The SAT’s Math Section is a little notorious for it’s tricky questions. No worries. Here are the six most common SAT Math mistakes and how to avoid them.
1. Simple Mistakes
You drop a variable, mis-add something, or make one of those small, itty-bitty mistakes that have you screaming in frustration when you find the tiny thing you did wrong. How do you reduce these?
Write out your work. Every step. Trying to do the math in your head might seem faster, but it more often than not leads to you trying to keep track of too many numbers and forgetting something. Write everything out. Turns out, you can simplify things quicker when it’s on the page in front of you. It also makes diagnosing these small mistakes easier because you can see exactly where you dropped a variable or added instead of subtracted. It’s good when you’re practicing as well as on test day.
One of the most common SAT math mistakes is getting a negative sign mixed up. Always double check your positive/negative signs. If you see a negative number ready to be distributed or moved, take the time to do it right instead of making a stupid mistake.
Part-way multiplying across an expression in parenthesis is an incredibly common mistake. Make sure you distribute across all contents inside a parenthesis. If you’re multiplying two polynomials, make sure you fully foil them out. Draw lines, mark them off, whatever you need to do to make sure you remember is worth it. Likewise, when factoring, make sure you factor everything.
Remember, the graders aren’t judging you on how neat your work is, what your work just has to help you.
3. Combining Variables of Different Powers
You can’t combine X and X squared, but that doesn’t stop people from trying. Make sure you keep your exponents intact and don’t combine variables willy nilly. Write the equations out each time you combine something, or you run the risk of making a silly mistake.
4. Finding X instead of Y
Sometimes, a question will ask you for something that requires you to find something else first, and by the time you find the first thing, you’re ready to call that the answer, and not feed it through the last thing that you need to find the answer. Before you answer a question with several variables involved, quickly check that your answer is the value they’re looking for, and that you aren’t giving the width when they’ve asked for the height.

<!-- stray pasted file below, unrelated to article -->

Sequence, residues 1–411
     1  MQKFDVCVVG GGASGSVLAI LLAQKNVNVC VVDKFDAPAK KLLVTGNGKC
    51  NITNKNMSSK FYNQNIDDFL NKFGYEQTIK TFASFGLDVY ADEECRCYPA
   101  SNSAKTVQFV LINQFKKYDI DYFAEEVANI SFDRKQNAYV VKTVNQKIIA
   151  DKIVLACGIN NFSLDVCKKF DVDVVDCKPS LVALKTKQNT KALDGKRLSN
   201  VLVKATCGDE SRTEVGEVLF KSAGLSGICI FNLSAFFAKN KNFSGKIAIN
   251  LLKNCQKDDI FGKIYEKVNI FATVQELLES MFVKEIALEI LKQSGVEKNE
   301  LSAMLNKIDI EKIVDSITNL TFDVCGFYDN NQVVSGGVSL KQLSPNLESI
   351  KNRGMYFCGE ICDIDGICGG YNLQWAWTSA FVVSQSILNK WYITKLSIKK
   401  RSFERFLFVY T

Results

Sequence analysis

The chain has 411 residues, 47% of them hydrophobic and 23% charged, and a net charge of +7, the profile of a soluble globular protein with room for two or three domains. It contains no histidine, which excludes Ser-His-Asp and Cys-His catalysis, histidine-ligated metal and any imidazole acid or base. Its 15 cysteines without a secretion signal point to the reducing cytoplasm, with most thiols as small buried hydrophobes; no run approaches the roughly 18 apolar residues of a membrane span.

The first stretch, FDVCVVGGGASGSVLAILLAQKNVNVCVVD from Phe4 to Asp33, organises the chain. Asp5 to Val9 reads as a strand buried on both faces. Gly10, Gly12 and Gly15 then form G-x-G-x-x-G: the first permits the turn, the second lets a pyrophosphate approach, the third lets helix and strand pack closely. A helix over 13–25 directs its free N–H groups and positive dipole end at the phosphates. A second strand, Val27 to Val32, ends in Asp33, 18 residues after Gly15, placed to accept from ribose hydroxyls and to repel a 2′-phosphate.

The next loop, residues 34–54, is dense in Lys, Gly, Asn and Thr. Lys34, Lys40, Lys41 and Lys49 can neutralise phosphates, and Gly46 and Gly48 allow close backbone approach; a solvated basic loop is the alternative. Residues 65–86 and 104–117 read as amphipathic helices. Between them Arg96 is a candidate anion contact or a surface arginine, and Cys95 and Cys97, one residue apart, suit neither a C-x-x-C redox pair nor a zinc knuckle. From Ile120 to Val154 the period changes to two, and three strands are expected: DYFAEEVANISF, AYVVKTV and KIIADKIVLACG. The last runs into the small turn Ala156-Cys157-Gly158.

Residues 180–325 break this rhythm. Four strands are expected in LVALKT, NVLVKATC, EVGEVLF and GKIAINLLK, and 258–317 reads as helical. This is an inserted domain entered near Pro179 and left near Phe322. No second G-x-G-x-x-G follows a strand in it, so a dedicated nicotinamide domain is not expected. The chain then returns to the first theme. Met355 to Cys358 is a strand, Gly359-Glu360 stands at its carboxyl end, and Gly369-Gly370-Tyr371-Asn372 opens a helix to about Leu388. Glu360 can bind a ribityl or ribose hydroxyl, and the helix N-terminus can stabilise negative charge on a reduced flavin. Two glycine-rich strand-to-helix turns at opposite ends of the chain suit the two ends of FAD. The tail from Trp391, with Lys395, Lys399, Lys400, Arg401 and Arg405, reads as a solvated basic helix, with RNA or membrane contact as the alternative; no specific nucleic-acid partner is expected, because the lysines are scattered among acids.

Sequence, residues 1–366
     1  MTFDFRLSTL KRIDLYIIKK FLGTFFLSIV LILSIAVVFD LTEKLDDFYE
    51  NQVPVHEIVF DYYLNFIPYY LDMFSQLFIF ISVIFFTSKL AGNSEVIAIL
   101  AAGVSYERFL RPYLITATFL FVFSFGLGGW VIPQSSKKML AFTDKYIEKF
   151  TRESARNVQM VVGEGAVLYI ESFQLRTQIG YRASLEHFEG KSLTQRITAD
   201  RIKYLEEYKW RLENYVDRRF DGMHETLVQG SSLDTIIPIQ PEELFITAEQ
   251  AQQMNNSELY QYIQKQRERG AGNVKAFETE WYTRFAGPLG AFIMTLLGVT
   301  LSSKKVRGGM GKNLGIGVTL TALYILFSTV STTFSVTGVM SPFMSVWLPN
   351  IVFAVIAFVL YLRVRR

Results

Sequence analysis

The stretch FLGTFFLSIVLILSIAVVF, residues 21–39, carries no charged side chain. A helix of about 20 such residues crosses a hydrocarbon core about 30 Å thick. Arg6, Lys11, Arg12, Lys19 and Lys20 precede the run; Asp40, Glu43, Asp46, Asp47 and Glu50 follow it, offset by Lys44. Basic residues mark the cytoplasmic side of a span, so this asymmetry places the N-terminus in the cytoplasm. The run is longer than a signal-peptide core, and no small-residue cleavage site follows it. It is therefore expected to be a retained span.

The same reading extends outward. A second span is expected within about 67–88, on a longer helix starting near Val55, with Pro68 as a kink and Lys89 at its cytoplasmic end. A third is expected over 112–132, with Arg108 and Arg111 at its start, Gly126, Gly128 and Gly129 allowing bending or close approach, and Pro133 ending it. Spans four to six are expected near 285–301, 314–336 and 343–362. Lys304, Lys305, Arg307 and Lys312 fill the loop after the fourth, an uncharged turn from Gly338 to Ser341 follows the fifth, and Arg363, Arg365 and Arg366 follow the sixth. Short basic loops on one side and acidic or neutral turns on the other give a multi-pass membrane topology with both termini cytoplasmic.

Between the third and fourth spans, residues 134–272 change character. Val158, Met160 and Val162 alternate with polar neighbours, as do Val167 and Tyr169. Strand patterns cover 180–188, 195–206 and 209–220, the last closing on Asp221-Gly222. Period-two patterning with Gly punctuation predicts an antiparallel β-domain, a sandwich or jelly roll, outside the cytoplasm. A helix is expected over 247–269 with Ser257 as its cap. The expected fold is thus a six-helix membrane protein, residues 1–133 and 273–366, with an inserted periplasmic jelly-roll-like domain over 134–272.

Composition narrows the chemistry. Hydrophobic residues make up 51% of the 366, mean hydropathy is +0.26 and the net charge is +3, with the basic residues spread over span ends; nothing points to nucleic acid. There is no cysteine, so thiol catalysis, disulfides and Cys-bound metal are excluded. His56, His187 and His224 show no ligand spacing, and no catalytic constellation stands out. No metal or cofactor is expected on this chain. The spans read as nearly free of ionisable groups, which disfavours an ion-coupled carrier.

5. Oddly-Scaled Graphs
Sometimes, graphs on the SAT don’t use the same scale for the y axis that they use for the x axis. So if you’re trying to find the slope by counting squares, it’ll be off. Always calculate the slope from the actual numbers on the graph. Don’t take shortcuts.
6. Misunderstanding The Question
The SAT is full of slightly confusing word problems. There are a couple ways to sort things out. First, ask yourself: what do they want? Ignore what they give you for a moment to see if a simpler way to the answer presents itself. If you can’t think of a way to solve the question, ask yourself: what are they testing me on? That can occasionally present a good way forward.
Two of the most common questions that have unfamiliar wording are the “no solutions” and “infinite solution” equations questions. Essentially, they give you two equations for lines, with an A switched out for a constant, and asked what that A has to be if the line has “no solutions.” If two lines that can be graphed have “no solutions,” then they never cross. They’re parallel lines, so you need to find what A has to be to make the two lines be parallel. If two lines have “infinite solutions” then they are essentially the same line. So you find what A would have to be to make the two equations be describing the same line. For more tips like this, check out our SAT Math Mastery guides.
That’s all! Now go find time to study for the SAT! If you want more SAT and ACT prep advice sure to join our mailing list for a free 27-item checklist and 30-day free SAT email course.